GO
Loading...

Amgen Shares Drop On More Anemia-Drug Fallout

Reuters
Tuesday, 15 May 2007 | 12:00 PM ET

Another setback for Amgen anemia-drug franchise sent shares of the No. 1 biotechnology company spiraling down as much as 6.6% on Tuesday -- to a 2-1/2-year low -- as more analysts cut their ratings on the beaten-down stock.

Analysts at Bank of America and Robert W. Baird both downgraded their ratings to "neutral" after the U.S. Medicare health insurance program late on Monday proposed limiting payments for Amgen and Johnson & Johnson'sanemia drugs in response to safety concerns.

Baird analyst Christopher Raymond said the move by Medicare could lead to similar pressure from private insurers.

"We see the extent and nature of the coverage cuts as nothing less than stunning," Raymond wrote in a research note.

Amgen shares have now fallen more than 15% since before a U.S. Food and Drug Administration advisory panel last Thursday urged more limits and further study of the anemia drugs.

The shares fell as low as $52.36 earlier, the stock's lowest price since October 2004.

Looking ahead, Amgen shares could take a further hit if U.S. regulators were to approve a rival anemia drug from Roche AG. U.S. regulators are expected to act later this month on Roche's Mircera, which is in the same class as Amgen's franchise.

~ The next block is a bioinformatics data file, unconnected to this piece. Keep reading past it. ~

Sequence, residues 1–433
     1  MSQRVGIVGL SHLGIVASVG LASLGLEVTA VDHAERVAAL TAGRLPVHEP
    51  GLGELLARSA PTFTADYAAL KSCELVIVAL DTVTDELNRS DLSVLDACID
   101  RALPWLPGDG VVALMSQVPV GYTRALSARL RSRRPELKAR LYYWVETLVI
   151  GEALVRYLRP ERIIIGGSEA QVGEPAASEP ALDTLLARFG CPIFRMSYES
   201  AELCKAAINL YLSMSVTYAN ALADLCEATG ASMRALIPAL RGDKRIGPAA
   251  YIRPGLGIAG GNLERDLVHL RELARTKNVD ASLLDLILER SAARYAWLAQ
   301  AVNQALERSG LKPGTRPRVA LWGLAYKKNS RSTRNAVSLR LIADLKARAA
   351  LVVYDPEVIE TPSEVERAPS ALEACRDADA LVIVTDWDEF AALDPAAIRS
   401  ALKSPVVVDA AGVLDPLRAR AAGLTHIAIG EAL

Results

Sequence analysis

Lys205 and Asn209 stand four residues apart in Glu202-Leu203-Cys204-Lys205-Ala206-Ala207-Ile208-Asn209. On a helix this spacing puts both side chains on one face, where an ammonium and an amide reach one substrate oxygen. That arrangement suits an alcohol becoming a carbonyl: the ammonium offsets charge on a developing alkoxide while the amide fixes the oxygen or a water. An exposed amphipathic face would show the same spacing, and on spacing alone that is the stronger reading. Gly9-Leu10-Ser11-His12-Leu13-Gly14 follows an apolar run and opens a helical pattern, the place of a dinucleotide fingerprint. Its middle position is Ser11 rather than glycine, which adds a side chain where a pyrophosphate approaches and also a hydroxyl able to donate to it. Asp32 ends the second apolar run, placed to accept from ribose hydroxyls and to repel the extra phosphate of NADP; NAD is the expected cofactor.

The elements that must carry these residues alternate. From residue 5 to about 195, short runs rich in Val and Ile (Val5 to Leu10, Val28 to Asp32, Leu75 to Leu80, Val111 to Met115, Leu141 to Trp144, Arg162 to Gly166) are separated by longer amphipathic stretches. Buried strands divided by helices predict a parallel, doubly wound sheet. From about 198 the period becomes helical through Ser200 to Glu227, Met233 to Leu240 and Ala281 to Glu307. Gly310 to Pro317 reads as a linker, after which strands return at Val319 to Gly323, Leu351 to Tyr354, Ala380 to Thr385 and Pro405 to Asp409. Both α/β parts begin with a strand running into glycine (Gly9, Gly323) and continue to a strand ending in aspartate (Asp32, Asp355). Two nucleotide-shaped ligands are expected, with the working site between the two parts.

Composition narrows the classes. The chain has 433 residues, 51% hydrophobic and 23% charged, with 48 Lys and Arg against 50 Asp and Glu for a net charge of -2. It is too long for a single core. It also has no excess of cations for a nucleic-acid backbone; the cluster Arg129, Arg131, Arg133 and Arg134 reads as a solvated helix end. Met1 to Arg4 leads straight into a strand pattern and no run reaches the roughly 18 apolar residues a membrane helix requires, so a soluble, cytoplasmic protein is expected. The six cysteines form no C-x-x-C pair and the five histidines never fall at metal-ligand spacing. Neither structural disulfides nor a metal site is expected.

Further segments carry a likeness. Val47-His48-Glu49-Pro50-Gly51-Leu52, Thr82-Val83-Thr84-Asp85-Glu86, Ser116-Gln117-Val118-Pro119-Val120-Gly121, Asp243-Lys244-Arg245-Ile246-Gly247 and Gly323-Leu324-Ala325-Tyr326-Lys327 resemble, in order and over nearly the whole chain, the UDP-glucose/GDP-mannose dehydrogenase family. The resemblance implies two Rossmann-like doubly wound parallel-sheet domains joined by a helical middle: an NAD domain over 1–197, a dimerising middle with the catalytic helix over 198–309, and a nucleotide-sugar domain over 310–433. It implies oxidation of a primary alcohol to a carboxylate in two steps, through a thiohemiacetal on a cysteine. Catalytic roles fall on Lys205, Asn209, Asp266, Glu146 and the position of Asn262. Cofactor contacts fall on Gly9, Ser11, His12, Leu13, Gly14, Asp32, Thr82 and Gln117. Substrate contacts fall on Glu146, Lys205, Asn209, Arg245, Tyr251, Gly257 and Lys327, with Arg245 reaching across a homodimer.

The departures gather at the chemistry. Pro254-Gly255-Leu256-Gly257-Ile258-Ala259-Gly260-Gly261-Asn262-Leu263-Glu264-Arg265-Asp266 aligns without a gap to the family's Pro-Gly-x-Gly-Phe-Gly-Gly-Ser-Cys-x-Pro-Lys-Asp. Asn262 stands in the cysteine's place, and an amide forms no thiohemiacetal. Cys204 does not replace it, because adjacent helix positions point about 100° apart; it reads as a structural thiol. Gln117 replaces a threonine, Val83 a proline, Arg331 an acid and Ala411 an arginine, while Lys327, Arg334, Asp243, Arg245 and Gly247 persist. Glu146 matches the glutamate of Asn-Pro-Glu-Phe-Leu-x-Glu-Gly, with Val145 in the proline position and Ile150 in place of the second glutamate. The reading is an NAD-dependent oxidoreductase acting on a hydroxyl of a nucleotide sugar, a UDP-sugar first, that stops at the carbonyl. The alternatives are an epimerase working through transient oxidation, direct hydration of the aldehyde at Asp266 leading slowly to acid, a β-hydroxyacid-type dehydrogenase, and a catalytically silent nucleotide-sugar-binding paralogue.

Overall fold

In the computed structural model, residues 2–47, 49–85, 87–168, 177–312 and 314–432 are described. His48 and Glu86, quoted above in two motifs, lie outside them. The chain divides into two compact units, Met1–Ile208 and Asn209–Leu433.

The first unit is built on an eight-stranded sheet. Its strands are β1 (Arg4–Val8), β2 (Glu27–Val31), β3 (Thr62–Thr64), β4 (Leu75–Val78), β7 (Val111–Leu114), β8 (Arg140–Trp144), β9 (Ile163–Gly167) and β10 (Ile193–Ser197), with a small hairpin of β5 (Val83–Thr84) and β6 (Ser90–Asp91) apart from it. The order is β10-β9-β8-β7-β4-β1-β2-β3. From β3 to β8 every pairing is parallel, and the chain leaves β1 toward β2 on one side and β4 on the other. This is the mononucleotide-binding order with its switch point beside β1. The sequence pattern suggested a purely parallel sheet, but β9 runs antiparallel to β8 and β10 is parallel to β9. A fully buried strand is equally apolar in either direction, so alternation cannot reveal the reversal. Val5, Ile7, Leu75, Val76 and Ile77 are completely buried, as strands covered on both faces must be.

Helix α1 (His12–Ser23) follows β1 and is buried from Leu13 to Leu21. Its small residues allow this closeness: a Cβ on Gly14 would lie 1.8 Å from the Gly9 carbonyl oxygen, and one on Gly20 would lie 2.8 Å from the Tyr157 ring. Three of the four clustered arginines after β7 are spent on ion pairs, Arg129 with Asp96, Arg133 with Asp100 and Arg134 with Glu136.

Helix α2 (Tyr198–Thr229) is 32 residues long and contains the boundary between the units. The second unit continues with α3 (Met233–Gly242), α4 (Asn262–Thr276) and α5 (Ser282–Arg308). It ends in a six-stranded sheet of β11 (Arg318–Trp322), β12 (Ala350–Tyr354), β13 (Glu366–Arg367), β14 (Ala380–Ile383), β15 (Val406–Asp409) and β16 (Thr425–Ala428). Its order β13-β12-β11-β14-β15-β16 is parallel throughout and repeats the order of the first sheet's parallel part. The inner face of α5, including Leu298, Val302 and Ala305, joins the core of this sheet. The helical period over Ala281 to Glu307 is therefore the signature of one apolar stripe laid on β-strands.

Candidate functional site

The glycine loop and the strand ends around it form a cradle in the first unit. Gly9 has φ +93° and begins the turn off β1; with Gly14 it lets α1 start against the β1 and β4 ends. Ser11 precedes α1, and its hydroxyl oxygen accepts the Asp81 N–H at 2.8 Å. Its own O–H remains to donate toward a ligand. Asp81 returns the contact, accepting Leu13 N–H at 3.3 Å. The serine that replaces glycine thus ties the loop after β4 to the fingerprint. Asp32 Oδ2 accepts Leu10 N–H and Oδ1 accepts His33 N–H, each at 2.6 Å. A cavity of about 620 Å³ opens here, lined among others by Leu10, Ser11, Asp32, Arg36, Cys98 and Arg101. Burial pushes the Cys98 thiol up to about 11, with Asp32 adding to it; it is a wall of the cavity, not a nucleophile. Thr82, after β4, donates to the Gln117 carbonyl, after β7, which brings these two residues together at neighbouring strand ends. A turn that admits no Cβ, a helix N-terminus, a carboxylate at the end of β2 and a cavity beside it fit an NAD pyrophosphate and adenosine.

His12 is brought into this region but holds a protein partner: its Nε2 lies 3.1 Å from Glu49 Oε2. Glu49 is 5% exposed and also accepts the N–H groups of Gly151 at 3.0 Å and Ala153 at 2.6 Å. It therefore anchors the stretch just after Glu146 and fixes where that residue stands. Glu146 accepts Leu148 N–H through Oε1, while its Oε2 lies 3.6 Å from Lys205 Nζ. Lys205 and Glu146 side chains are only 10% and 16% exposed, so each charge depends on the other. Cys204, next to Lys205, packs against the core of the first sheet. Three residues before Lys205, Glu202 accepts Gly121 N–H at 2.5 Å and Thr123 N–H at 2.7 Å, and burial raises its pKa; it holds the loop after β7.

"Given everything that is surrounding the anemia drugs, we suspect there's a better-than-average chance that the FDA asks Roche for additional safety studies," said Jason Fox, a healthcare analyst with H&R Block Financial Advisors.

However, Fox said, if the FDA approves Mircera, "that would be another negative for the anemia franchise at Amgen."

Sales performance of its rheumatoid arthritis drug Enbrel in upcoming quarters also stands to affect Amgen shares, Fox said. He said data supporting Amgen's cancer treatment Vectibix also could impact the stock.

  Price   Change %Change
AMGN
---
JNJ
---

Featured

Contact U.S. News

  • CNBC NEWSLETTERS

    Get the best of CNBC in your inbox

    › Learn More

Don't Miss

U.S. Video

  • Mad Money's Jim Cramer discusses Micron Technology and how the company gained control over inventory issues. The bears expect the company's history to repeat itself, but Cramer says this time, it feels different.

  • In this excerpt from a live CNBC interview, Warren Buffett explains why it's extremely unusual for a company's directors to vote against executive compensation plans.

  • Mad Money host Jim Cramer says shareholder activism works for every shareholder, and offers his take on the Valeant/Bill Ackman bid to acquire Allergan. The market is better off for these efforts, he says.